Ladies’ nights: a woman’s right to cheap drinks or reflection of deep-rooted discrimination and commodification of women
‘Ladies’ night’ ruling triggers questions regarding the boundaries of business promotion and issues of gender-based discrimination in the city
When Canadian exchange student Wendy Tsui first came to Hong Kong, she was told that there was one attraction she couldn’t miss: ladies’ night.
Since the city hosted its first ladies’ night in 1994 - a promotional event where women pay less than men for drinks or entry charges - it’s become an iconic fixture of Hong Kong nightlife. But the practise is now under fire following a recent court ruling that such events were discriminatory, leading several bars to halt their ladies’ nights in response.
“It makes sense that people think it’s unfair ... but it’s a bit extreme,” said Tsui, 21, sipping from a plastic cup while out at Lan Kwai Fong on Thursday, the traditional night of the week for ladies’ night. “It’s a tradition, there are ladies’ nights in other places. It’s a tourist attraction.”
Rooted in controversy, the first ladies’ night in Hong Kong was hosted by Westworld, a club in Wan Chai that has since closed, as a way to draw customers into the lacklustre weekday club scene.
Although there were concerns that the practise would clash with anti-discrimination legislation in 1997, ladies’ night became highly successful, and quickly spread throughout the city.
Originally a western concept, ladies’ nights are banned in the United Kingdom, as well as certain parts of the United States.
The recent ruling came after the Equal Opportunities Commission filed a case on behalf of a male complainant accusing a Mong Kok club of breaching sex discrimination laws by charging men more than women for a drink. The judgement passed after the club’s operator failed to give any notice of opposition, and is under fierce criticism by several groups including the Hong Kong Bar and Club Association and the Liberal Party.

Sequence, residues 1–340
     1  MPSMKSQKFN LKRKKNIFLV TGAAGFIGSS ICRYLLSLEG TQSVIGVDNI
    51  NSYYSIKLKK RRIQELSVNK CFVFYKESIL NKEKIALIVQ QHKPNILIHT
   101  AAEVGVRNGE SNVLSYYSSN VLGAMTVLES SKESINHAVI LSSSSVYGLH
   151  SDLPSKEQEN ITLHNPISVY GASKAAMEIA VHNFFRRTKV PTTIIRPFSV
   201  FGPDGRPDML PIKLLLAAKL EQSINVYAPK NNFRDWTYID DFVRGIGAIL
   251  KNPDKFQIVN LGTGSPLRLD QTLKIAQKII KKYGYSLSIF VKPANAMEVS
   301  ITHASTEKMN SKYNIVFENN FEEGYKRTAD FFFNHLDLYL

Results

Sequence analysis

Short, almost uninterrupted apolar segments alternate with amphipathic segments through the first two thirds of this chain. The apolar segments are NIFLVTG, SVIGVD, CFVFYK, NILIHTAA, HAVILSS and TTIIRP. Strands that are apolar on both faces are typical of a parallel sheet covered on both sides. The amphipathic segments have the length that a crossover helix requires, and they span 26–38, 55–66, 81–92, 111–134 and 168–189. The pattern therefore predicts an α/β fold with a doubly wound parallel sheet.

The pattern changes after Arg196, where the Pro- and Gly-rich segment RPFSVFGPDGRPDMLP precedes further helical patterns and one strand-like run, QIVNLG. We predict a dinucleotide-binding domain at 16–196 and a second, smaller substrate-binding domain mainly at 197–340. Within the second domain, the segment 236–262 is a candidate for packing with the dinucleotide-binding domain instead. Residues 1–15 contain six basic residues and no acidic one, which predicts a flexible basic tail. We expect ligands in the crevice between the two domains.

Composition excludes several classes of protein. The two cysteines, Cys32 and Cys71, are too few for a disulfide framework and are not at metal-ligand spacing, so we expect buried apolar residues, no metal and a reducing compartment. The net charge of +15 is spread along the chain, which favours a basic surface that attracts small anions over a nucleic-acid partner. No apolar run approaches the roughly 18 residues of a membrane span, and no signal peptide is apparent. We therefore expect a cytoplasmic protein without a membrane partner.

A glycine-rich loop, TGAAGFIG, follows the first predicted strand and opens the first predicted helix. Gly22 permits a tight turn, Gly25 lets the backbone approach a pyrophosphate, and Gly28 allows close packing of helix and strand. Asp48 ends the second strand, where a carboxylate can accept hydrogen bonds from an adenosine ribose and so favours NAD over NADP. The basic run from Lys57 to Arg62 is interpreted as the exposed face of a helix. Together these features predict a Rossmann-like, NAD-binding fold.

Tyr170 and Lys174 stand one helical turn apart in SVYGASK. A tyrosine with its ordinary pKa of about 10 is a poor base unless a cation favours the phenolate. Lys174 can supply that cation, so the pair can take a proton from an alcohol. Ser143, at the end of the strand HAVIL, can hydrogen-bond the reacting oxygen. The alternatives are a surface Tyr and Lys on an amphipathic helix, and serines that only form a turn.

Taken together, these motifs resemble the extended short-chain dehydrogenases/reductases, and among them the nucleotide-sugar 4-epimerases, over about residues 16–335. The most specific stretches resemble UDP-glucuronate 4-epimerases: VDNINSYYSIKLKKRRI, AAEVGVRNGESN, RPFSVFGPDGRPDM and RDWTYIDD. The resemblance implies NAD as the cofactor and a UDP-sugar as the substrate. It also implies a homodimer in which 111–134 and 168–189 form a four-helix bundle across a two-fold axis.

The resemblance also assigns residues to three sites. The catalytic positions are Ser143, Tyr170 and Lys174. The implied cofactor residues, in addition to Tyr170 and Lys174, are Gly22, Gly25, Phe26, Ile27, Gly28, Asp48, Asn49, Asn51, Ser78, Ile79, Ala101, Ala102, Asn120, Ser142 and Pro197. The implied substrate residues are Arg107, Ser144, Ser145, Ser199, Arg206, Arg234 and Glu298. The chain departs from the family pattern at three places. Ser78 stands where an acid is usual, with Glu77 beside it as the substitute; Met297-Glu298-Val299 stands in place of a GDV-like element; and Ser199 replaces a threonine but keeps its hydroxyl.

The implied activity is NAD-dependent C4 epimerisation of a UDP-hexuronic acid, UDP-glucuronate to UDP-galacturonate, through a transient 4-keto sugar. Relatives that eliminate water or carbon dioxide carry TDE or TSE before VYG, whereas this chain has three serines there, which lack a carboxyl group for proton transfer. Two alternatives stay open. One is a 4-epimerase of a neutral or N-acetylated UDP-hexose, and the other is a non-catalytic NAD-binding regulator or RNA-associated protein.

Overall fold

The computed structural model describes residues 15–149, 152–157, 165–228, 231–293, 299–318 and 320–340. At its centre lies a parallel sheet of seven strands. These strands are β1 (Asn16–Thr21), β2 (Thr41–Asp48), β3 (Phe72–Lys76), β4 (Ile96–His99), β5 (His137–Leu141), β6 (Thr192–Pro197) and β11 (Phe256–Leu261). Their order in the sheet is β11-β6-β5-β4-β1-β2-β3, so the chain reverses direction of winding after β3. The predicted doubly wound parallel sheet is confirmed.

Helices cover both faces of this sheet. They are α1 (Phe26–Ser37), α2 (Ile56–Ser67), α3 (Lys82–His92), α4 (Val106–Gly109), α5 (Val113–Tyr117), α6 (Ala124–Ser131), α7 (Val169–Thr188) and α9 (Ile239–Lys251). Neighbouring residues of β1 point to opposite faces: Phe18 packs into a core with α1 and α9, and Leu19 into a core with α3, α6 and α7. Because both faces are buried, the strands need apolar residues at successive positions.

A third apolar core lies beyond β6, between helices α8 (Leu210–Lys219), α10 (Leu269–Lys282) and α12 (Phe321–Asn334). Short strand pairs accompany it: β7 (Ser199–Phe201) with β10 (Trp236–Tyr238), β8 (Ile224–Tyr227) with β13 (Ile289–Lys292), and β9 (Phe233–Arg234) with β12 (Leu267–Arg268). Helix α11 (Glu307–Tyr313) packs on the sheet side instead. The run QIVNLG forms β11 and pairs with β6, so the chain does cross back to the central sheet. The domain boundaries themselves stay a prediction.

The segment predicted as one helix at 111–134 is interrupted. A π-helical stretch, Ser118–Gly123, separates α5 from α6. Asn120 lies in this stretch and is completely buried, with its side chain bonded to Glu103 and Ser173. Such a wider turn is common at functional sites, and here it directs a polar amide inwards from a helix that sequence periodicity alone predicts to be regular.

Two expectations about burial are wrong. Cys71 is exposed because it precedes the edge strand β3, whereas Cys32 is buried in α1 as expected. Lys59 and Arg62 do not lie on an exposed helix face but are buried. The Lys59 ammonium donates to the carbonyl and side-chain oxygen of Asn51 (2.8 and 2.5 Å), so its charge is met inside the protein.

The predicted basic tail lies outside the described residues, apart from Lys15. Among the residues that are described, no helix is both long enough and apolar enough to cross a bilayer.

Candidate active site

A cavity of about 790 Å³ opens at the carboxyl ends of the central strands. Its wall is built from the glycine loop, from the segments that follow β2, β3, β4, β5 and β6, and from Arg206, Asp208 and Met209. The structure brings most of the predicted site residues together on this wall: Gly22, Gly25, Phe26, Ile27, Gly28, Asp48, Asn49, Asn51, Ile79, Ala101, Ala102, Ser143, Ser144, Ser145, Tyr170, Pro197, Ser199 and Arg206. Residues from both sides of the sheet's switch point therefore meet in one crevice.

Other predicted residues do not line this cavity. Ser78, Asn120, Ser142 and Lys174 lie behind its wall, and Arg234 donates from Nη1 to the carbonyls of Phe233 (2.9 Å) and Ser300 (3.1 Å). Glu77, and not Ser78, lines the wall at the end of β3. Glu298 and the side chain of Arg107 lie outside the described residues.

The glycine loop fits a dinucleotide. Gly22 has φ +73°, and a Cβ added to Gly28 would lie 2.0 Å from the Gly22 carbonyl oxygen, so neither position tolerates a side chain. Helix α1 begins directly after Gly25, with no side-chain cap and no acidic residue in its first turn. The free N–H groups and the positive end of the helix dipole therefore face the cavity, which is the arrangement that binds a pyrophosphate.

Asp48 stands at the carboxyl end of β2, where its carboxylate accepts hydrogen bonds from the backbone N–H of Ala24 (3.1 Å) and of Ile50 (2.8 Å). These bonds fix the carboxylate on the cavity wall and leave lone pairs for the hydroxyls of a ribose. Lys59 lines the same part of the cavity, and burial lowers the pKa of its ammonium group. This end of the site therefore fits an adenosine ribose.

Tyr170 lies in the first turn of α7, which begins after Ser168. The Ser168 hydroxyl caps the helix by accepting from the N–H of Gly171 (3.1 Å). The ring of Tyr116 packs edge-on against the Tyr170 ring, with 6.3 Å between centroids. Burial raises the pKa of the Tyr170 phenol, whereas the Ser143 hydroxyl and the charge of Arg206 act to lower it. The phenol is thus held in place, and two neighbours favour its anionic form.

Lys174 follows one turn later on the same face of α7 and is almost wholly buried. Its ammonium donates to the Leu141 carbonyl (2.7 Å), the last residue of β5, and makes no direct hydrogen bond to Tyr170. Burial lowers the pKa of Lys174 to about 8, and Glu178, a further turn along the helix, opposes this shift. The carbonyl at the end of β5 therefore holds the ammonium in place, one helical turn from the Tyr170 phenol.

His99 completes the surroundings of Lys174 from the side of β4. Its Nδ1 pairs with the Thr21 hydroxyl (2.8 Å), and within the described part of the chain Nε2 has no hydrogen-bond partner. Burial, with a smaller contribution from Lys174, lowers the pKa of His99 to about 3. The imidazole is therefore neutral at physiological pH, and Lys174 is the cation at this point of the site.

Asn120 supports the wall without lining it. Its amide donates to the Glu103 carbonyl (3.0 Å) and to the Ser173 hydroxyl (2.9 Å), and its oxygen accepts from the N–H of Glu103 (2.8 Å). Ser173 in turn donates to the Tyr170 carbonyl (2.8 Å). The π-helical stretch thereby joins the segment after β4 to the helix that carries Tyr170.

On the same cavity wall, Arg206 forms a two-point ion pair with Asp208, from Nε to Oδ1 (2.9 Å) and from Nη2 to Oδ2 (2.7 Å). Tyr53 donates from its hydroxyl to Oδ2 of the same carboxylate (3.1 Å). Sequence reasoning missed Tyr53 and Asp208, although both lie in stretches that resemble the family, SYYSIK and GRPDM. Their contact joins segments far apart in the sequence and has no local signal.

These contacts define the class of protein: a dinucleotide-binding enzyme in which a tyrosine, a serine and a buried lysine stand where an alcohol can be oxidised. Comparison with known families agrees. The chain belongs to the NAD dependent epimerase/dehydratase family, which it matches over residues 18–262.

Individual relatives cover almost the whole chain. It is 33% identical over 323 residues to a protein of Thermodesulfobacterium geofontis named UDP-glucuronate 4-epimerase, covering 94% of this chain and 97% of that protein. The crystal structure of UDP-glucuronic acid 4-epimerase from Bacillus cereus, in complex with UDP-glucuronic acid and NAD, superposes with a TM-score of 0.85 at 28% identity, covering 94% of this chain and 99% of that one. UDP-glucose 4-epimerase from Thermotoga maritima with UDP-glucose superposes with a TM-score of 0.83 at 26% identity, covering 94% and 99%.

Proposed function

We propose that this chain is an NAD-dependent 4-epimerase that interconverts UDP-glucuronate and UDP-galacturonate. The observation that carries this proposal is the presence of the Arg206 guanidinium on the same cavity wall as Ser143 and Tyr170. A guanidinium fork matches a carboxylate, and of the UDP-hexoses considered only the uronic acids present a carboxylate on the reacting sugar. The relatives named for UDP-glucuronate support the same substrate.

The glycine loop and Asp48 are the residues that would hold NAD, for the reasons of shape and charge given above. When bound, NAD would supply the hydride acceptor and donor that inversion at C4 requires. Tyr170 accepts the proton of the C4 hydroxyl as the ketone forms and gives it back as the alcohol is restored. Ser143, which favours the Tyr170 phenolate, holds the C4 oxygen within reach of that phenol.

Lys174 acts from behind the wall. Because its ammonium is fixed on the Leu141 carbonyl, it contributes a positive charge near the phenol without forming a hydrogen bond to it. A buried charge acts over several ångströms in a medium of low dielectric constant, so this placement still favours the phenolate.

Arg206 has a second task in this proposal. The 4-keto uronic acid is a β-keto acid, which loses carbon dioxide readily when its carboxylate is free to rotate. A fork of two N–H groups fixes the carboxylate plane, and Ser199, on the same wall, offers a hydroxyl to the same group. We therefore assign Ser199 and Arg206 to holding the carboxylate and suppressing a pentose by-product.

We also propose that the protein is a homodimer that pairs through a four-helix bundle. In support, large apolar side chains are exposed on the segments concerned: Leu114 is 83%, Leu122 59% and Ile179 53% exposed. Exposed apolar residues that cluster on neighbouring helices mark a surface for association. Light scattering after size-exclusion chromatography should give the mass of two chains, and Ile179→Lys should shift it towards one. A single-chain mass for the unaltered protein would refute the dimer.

The case is significant because it has not only triggered questions regarding the boundaries of marketing strategies targeting specific groups, but also concerns regarding the state of gender-based discrimination in the city and the methods with which policy-shapers pursue gender equity.
For revellers in Lan Kwai Fong, the issue of discrimination isn’t at all pressing, and many were against banning the practise. Two Hong Kong women in their twenties suggested that clubs could hold a “men’s night” - a proposal also put forward by the coalition of bar operators - as a way to even the score.
Ryan Ashton, a 36-year-old expat from South Africa who has lived in Hong Kong for eight years, said he’s never once thought of ladies’ nights as discriminatory against men.
“I don’t think it’s unfair,” Ashton said, adding that the practise is ubiquitous in South Africa. “All it is, is a marketing tool to get men there. I think the name they have for it makes it seem like ladies are going to a particular bar.”
Others like Bryan Marshall, a 29-year-old recruiter and expat from the UK, thought the practise was unfair but not significant enough to protest about. “It’s something we grew up with. Girls get free drinks,” Marshall said. He scoffed at the idea of a “men’s night,” which he said would be highly unpopular.